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Welcome to the Medical Humanities Network

Welcome to the Glasgow University Medical Humanities Network, supported by the Wellcome Trust. The medical humanities complement, contextualise and critique purely biomedical, technological or other reductive accounts of what it means to experience illness, encounter disease or transact a therapeutic relationship. In addressing how we comprehend health, sickness, disease and “the embodied life”, such concerns are examined from a range of professional and patient perspectives. This website is intended to act as a forum to connect individuals working across a range of disciplines and practices at the University of Glasgow, who are interested in the intersections of medicine, culture, and the arts and humanities. Megan Coyer & Hannah Tweed

Spotlight on...

Project: The Medical Blackwoodians and Medico-Literary Synergy in the Nineteenth-Century Periodical Press

The Medical Blackwoodians and Medico-Literary Synergy in the Nineteenth-Century Periodical Press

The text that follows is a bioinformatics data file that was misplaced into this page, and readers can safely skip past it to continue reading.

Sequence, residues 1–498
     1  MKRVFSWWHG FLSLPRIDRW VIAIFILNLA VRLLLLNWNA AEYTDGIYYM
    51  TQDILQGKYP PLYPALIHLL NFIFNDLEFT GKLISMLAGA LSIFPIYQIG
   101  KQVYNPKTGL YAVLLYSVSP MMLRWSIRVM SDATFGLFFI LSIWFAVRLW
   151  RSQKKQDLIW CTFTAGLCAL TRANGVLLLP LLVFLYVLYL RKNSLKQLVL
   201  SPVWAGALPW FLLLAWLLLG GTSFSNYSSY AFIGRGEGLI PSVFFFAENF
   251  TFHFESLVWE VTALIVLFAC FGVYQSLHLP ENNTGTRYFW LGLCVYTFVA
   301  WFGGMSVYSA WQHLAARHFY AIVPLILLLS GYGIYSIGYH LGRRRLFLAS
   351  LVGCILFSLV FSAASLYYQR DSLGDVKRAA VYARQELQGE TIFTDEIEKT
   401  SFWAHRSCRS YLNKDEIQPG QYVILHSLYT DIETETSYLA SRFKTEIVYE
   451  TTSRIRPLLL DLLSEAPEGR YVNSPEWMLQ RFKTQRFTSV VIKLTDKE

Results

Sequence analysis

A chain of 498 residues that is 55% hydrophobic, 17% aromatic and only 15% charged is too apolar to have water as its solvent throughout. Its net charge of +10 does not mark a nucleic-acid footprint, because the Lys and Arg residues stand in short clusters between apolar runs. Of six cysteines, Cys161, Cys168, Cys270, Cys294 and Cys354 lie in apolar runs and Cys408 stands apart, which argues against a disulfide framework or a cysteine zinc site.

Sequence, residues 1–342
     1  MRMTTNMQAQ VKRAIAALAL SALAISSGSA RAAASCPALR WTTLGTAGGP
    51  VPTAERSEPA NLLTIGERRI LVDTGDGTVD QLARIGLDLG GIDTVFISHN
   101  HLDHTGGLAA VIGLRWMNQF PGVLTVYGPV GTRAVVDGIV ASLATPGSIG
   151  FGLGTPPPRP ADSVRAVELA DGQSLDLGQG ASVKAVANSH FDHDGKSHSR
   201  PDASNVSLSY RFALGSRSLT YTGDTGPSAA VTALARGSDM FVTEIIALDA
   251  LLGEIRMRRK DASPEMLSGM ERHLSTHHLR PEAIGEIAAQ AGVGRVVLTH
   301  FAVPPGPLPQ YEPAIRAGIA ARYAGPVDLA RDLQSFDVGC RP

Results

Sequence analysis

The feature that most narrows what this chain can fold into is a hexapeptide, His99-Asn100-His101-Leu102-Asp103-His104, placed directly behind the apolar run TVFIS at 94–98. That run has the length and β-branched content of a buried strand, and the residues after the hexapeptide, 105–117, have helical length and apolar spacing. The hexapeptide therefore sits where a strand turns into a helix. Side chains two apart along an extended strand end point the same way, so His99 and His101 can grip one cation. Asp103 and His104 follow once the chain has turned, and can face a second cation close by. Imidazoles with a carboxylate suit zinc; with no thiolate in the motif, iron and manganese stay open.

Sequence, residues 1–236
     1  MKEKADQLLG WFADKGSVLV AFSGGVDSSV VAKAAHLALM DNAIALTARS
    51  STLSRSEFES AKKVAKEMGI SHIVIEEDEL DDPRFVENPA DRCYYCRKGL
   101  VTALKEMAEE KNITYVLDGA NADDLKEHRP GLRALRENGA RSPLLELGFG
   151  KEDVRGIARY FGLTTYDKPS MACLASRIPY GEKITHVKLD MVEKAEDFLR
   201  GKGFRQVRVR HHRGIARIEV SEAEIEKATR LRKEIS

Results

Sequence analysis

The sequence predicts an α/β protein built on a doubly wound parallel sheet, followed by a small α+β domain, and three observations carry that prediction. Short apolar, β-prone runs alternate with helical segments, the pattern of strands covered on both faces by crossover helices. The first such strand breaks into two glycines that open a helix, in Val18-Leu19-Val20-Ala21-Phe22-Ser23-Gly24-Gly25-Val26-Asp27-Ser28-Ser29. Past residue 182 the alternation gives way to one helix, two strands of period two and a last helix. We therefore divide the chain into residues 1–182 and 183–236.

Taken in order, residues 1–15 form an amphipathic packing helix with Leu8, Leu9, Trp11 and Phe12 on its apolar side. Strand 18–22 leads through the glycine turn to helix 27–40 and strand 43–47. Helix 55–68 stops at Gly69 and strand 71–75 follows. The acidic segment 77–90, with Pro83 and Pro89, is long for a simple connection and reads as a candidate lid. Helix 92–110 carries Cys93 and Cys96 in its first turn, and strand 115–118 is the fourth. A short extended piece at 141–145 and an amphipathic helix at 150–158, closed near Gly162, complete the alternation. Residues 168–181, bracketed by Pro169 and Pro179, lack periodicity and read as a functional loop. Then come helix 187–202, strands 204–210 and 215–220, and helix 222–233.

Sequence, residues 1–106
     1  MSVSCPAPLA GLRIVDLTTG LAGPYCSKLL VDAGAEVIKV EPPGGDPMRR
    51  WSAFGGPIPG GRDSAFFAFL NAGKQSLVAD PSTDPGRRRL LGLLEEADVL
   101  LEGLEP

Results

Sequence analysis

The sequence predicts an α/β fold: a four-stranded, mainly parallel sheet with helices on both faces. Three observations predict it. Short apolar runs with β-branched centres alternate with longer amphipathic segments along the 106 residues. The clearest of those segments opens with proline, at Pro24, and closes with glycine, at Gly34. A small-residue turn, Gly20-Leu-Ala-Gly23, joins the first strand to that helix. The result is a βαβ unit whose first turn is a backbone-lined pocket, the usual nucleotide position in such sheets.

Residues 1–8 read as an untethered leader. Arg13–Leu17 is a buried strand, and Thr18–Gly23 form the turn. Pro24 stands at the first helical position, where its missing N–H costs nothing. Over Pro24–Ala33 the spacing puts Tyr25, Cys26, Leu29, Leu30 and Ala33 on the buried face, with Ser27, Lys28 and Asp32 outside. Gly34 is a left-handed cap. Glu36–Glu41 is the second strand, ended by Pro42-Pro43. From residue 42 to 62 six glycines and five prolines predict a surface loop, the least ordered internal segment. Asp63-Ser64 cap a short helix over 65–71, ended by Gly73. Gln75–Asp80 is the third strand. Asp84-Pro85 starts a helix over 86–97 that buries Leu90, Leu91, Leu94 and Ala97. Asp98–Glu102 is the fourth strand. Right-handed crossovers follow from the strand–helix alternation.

In the early nineteenth century, Edinburgh was the capital of medical education and research in Britain and also laid claim to a thriving periodical culture, which served as a significant medium for the dissemination and exchange of medical and literary ideas throughout Britain, the colonies, and beyond. The influence of medical culture on English Romantic writers is well-established, but the same has yet to explored in regard to a distinctive Scottish Romanticism. The innovative form and ideology of Blackwood's Edinburgh Magazine, the most influential literary periodical of Romantic-era Scotland, particularly enabled medico-literary synergy, and this project examines several contributors to Blackwood's who also practiced medicine or received medical training. These writers had wide-ranging careers, producing significant medical texts and also contributing to numerous other periodicals, such as the Quarterly Review, the Scots Magazine and Fraser's Magazine. Through a study of their role in making Blackwood's such an influential site of Romantic medico-literary production and the function of journalistic and imaginative writing in their broader medical practice, this project examines how the Scottish periodical press cross-fertilised medical and literary ideas in the nineteenth century.